*The taxonomic name for Turricula parryi (Poodle-dog bush) has changed to Eriodictyon parryi. The Jepson Manual: Vascular Plants of California, Second Edition (2012) has returned Turricula to the genus Eriodictyon, as originally described by Gray. According to the Wikipedia entry for Turricula (April 11, 2012), “… molecular phylogenetic analysis carried out by Ferguson (1998) confirms that Turricula should be treated as a separate genus within a clade (Ferguson does not use the term “subfamily”) that includes Eriodictyon, and also the genera Nama and Wigandia; Eriodictyon is the genus to which Turricula is closest in molecular terms, and is its sister taxon.” I use “Turricula” and “Poodle-dog bush” interchangeably as a common name.

Related posts: Contact Dermatitis from Eriodictyon parryi – Poodle-dog Bush, Getting Over Poodle-dog Bush Dermatitis, Trail Runners Describe Reactions to Poodle-dog Bush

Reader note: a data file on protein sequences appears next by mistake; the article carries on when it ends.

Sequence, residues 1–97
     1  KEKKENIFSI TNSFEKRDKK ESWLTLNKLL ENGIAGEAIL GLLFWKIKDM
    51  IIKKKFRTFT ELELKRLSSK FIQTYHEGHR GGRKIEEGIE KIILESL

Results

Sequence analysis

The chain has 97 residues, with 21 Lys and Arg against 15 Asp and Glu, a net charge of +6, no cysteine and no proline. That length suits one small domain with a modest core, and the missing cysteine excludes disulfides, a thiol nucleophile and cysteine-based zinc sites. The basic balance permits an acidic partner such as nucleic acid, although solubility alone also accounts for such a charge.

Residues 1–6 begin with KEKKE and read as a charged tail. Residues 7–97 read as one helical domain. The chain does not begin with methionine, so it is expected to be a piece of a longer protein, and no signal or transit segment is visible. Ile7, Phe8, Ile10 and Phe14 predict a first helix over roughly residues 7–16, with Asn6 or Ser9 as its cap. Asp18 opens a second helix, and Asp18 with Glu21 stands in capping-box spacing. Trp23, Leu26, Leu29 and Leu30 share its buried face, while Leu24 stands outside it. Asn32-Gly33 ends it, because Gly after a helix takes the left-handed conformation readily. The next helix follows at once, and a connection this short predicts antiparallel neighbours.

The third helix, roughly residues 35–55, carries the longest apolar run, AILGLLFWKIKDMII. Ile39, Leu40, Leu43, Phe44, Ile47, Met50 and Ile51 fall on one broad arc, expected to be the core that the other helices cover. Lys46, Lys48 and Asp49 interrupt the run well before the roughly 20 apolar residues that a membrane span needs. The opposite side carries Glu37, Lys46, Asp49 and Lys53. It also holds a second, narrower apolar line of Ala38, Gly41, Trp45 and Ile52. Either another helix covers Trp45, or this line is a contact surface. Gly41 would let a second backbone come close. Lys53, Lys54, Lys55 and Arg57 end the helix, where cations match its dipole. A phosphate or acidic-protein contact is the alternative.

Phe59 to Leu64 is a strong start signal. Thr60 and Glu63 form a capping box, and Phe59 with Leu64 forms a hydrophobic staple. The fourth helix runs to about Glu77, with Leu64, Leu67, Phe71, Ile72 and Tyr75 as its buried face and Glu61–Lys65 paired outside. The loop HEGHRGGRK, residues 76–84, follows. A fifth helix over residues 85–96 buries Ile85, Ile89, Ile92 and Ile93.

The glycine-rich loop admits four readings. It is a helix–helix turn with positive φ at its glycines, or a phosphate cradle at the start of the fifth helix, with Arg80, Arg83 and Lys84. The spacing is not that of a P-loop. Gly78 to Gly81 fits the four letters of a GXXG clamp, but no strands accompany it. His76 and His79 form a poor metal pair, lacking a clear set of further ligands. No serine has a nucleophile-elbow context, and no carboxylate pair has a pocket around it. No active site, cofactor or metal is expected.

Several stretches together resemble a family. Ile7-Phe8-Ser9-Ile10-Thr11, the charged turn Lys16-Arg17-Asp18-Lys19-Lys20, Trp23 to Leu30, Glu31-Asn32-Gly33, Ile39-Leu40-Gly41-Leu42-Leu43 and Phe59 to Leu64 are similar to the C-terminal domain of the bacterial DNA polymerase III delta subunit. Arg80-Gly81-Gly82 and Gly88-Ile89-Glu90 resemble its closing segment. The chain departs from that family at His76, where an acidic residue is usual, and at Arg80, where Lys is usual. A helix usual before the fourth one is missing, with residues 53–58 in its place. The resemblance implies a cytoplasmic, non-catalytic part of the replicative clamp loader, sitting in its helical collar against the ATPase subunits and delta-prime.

Canchalagua (Centaurium venustum)

Relatively uncommon in the areas in which I run, the vivid rose-purple of Canchalagua (Centaurium venustum) is always a treat to see. Not only are its colors eye-catching, it’s petals are unusually uniform and precisely formed, which makes the flowers stand out even more.  A closer look reveals bizarrely shaped anthers, which are fluted and spiraled.

The plant is reported to have been used medicinally, but according to Chumash Ethnobotany by Jan Timbrook & Chris Chapman, based on the field notes of John P. Harrington, it wasn’t clear whether it was “a remedy of the old-time Indians, or of the whites.”

Here’s an advertisement from an 1852 volume of the American Whig Review, in which Canchalagua was specified as an ingredient of the patent medicine “Dr Rogers’ Compound Syrup of Liverwort, Tar and Canchalagua.” (The document was digitized by Google as part of the Making of America Project.)